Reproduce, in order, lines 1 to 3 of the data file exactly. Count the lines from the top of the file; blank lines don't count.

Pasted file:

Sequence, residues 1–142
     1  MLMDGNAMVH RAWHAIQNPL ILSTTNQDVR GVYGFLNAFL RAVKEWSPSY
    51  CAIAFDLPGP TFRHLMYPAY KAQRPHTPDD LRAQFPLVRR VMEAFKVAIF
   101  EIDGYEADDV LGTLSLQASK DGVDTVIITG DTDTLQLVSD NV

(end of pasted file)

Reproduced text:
Sequence, residues 1–142
     1  MLMDGNAMVH RAWHAIQNPL ILSTTNQDVR GVYGFLNAFL RAVKEWSPSY
    51  CAIAFDLPGP TFRHLMYPAY KAQRPHTPDD LRAQFPLVRR VMEAFKVAIF